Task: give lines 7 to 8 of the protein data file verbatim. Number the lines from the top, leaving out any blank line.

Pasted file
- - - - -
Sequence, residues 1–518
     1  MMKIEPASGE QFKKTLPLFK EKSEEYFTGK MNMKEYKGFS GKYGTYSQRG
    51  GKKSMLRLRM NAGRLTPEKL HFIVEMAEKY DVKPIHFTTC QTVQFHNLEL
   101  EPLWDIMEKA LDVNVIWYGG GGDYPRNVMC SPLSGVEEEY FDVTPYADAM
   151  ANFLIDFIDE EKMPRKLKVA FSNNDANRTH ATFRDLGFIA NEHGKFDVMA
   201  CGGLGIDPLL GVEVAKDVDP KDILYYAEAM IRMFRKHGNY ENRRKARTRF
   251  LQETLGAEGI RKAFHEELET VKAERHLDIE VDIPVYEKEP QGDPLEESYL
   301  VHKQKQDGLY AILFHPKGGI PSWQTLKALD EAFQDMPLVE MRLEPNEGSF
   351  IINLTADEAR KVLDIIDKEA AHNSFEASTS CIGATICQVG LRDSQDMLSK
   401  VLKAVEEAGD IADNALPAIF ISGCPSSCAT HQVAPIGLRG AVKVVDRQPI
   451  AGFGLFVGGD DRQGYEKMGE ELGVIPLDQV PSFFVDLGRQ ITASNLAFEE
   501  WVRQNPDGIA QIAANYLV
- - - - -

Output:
   251  LQETLGAEGI RKAFHEELET VKAERHLDIE VDIPVYEKEP QGDPLEESYL
   301  VHKQKQDGLY AILFHPKGGI PSWQTLKALD EAFQDMPLVE MRLEPNEGSF